European Commission is Breaking EU Treaty Rules on Animal Welfare, says CIWF02 November 2012
EU - Compassion in World Farming has submitted a complaint to the European Ombudsman about the Commission’s failure to take animal welfare into account when developing a new regulation.
Compassion argues the Commission has failed to properly consider the welfare of farmed fish when formulating its proposed Regulation on reform of the Common Fisheries Policy (CFP), something it is obliged to do under Article 13 of the Treaty on the Functioning of the European Union.
The proposed Regulation makes it clear that one of the objectives of the CFP is to promote the development of fish farming. Despite this, it contains no substantive provisions that address the welfare of farmed fish.
Peter Stevenson, Compassion’s Chief Policy Advisor, says: “Most of Europe’s fish farming is highly intensive. Fish farming is responsible for very considerable animal suffering. All too often the fish are kept in overcrowded tanks or cages. The fish are vulnerable to a range of health problems including malformations such as spinal, head and jaw deformities and injuries to their fins, scales and eyes. Moreover, rearing salmon in cages constrains their natural swimming behaviour as it deprives them of swimming the great distances that are the norm for wild salmon at sea.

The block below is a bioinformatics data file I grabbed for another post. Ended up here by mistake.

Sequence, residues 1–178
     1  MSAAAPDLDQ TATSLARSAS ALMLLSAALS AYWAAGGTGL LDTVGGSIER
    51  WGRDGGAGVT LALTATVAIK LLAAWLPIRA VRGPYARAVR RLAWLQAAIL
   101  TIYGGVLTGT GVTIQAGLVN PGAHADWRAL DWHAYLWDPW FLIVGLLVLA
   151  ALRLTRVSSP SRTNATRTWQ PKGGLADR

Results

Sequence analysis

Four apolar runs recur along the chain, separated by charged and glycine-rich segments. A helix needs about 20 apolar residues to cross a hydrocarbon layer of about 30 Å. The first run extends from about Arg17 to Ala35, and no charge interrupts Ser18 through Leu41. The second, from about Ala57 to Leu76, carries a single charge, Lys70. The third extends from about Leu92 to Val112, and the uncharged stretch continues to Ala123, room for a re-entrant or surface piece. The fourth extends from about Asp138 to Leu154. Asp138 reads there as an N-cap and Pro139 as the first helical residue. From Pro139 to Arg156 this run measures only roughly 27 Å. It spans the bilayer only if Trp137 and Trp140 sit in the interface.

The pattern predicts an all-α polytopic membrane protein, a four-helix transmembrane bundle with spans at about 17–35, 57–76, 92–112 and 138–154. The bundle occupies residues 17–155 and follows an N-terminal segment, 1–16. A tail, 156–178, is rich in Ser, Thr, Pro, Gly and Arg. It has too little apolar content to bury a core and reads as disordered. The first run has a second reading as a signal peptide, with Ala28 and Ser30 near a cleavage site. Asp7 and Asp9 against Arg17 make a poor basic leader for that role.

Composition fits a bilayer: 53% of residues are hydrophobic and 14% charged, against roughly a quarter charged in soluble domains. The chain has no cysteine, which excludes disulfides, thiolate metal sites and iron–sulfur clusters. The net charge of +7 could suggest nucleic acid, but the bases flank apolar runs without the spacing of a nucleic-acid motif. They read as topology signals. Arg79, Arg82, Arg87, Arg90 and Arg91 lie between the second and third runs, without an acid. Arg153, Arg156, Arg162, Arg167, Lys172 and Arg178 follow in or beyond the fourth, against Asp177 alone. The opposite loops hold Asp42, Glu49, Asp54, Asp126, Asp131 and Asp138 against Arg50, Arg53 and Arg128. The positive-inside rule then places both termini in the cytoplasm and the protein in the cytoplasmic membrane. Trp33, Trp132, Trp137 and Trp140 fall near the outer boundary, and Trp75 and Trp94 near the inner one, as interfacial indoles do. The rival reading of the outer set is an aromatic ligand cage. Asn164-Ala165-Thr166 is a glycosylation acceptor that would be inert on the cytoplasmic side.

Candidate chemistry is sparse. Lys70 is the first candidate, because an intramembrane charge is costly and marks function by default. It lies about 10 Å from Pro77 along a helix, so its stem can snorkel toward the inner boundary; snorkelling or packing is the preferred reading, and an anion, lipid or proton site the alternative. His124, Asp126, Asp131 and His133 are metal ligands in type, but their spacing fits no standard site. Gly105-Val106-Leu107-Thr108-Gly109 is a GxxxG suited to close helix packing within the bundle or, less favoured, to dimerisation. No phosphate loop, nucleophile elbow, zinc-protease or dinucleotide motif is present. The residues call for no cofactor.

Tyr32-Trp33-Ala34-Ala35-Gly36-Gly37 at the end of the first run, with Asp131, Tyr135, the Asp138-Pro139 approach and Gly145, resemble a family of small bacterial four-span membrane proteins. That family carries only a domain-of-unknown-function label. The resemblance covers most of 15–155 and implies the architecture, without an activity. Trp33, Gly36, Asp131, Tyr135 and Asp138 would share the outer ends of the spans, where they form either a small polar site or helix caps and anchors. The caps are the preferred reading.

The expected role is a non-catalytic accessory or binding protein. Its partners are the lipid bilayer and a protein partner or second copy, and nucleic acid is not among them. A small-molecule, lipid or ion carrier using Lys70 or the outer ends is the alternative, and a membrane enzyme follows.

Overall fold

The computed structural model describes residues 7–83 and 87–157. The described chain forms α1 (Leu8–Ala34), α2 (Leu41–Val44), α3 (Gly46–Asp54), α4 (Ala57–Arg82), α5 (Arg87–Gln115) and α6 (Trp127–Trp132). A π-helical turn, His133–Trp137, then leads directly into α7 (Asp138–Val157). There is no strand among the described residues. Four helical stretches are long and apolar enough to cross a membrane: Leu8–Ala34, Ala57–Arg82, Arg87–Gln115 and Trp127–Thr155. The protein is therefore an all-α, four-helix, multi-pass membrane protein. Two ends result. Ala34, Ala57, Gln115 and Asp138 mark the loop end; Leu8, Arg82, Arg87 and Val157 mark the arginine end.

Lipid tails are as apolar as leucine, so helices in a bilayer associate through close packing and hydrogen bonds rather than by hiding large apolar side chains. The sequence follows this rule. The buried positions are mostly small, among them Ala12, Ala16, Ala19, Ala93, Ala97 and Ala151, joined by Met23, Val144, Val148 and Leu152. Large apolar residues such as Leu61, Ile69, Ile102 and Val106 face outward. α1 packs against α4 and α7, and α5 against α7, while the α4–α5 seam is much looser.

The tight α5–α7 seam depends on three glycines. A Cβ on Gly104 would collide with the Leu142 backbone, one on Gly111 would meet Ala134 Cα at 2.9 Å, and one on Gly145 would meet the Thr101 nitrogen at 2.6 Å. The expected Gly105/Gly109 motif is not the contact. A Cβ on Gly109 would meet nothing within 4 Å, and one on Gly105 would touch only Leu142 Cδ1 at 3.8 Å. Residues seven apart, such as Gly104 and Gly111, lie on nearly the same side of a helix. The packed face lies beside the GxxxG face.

“It is essential that measures are put in place by the Commission to safeguard fish welfare before there is any further expansion of EU fish farming.”
After exchanging several letters with the Commission on the subject and getting answers that failed to address Compassion’s points, there was no option but to complain to the Ombudsman. This is the first time Compassion in World Farming has made a complaint to the European Ombudsman with regard to the Commission’s position on animal welfare.
Article 13 of the Treaty requires the EU, when formulating its policies on agriculture and fisheries, to “pay full regard to the welfare requirements” of animals including fish. Fish were included in this provision after scientific research established that they are able to experience pain and fear and have the capacity to suffer.
Peter adds: “The Commission’s proposed reform of the Common Fisheries Policy ignores the Treaty. It fails to pay “full regard” to fish welfare – indeed it pays almost no meaningful regard to their welfare.”
The Commission has been misleading in handling Compassion’s concerns. It has asserted that there is insufficient scientific evidence on which to base legislative proposals for many species of farmed fish. However, in 2008 the European Food Safety Authority produced Scientific Reports on the welfare of six of the main fish species farmed in the EU and in 2009 it produced Scientific Opinions on the welfare at slaughter of eight farmed fish species.
The Commission has also claimed that the welfare of farmed fish is covered by existing EU legislation on animal welfare. This is not an accurate account of the position. The welfare of farmed fish is dealt with only in a very superficial manner in existing EU legislation.
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